Use Image Editing Software As A Last Resort… for a while at least.

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Try to use photo editing software as rarely as possible until you have a clear understanding of the abilities and limitations of your camera.

Although there are always things you can do to improve or even save a shot in software it can lull you into a kind of laziness with the act of photographing itself.

The final result of this will be a stunting in your development as a photographer (although you will probably get pretty good with the software!) and ultimately you will hit the wall creatively.

You will find yourself unable to really “get” that shot you want because you haven’t progressed technically or creatively with the camera in the first instance.

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11 thoughts on “Use Image Editing Software As A Last Resort… for a while at least.”

  1. Really, you got all these beautiful shots without photo-editing software? Wow, I envy your talent, patience and devotion. Have a lot to learn from you. Thanks for stopping by my blog. Hope to hear from you soon.

    1. Whoa there tiger! No I didn’t get those shots without using editing software but my point is that you should keep trying to make the shots themselves better and better before you get them into software.

  2. Good advice but also a reality that digital photography and editing whether in camera
    depending on mode or post have become in many ways synonymous – maybe there’s a
    paleo diet related to editing that leads to a well rounded well versed photographer, which
    would be a good thing rather than always counting on editing software.
    Best thing is to know your gear and how to get the most out of it.
    Photography now more than at any time in it’s past has become an “art form” – as such
    presets and the latest and greatest are and will remain innovative and to one degree or another
    essential elements.

  3. Perhaps there are some different perspectives on this. Your perspective suggests that the photographer should be restricted to the capabilities of the camera.

    Now days when people use the term “photoshopped” they generally mean that the image has been altered, but not just altered but altered from some “REALITY” as if the photographic image is a “Real Recording ” of some moment in time, which ends up to be that there is some “Reality.” What the camera sees is “Real” and the photographer records that reality artistically.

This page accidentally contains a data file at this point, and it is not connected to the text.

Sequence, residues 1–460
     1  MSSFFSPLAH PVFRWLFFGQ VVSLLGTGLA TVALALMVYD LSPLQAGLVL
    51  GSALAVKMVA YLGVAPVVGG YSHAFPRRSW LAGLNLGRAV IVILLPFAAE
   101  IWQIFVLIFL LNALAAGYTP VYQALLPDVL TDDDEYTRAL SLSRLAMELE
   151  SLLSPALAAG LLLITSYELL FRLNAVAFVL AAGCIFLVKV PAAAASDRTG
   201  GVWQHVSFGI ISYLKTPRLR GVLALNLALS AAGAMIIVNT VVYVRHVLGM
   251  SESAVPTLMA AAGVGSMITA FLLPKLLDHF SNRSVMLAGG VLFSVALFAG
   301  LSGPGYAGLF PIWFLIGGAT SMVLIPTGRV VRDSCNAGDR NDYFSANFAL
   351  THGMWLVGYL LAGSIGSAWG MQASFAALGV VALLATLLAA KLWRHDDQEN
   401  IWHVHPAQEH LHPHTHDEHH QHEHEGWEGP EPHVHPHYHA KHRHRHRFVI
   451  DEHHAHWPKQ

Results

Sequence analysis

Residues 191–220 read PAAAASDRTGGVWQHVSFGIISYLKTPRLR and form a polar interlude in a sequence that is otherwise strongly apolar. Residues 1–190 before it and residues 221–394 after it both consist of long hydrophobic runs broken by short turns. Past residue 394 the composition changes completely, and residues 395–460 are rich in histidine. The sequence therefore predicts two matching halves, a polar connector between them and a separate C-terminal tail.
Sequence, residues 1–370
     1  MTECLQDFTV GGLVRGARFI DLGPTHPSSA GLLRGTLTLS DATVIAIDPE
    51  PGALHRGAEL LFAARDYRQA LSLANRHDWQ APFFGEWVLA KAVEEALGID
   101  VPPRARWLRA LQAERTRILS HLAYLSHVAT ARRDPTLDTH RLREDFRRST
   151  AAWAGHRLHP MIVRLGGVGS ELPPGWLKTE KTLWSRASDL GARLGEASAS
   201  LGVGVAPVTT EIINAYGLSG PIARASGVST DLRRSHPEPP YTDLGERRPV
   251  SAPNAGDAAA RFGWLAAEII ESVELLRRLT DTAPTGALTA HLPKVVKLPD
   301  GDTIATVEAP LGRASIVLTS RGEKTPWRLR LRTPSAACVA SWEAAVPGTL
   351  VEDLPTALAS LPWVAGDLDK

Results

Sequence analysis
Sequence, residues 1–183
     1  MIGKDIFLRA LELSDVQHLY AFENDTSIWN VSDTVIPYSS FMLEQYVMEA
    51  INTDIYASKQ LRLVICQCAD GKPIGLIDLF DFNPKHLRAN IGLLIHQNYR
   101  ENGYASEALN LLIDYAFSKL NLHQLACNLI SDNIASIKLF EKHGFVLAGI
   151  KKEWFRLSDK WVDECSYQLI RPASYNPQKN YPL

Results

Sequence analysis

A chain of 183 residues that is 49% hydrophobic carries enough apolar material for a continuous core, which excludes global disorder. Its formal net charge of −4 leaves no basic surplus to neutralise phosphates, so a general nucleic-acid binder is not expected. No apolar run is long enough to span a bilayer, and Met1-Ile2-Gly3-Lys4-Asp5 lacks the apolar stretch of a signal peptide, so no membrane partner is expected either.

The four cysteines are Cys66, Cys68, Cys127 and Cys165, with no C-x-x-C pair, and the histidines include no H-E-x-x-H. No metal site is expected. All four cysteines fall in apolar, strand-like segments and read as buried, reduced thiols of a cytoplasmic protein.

Much of philosophy from 13th century through Kant has been a discussion of whether there is any such reality, and contemporary physics has cast serious doubt on this matter resulting in a whole area of small particles described in terms of probability. Of course few of us mistake a mountain for a donkey, and in courts of law photo images are generally considered proof of some Reality.

    However is there any reality out there.? much less does a photograph “capture this Reality as some Truth” I find to be a highly questionable position and quite at odds with the history and purpose of Art.

    What the photographer leaves out of the image is often important (context) and photographs, even the most tightly controlled studios shots, often have “unexpected accidental visual information.”

    I believe the photographic process is just another artistic technique, like drawing, silk screen, etching and the artist is free to do whatever they want to the image with the tools. The only standard of judgement is the final expression, the piece of final art.

    Traditional darkroom techniques altered the image, A. Adams used them and who is to say that altering the image to make it “feel ” more like the actual experience of being there than the original image in the camera, was ok and that altering the image was thus justified. Is it ok for a journalist photograph to dodge the face of the main character so the final print showed the expression on the face because it communicated the moment?

    My position does not find fault with your position, but your position would seek to place limits on the artistic expression of the photographer as if there is some “Reality” and the photograph must express this and when people use photoshop they may be altering that reality and to alter that reality is not acceptable.

    Art has many purposes but if photography is to be Art and not just recording things and making them pretty, then the tools of the artist may be, can be but should not be limited to the capabilities of the camera. It must be acceptable for the artist to use any techniques, including any mage editing software they may choose to realize their vision.

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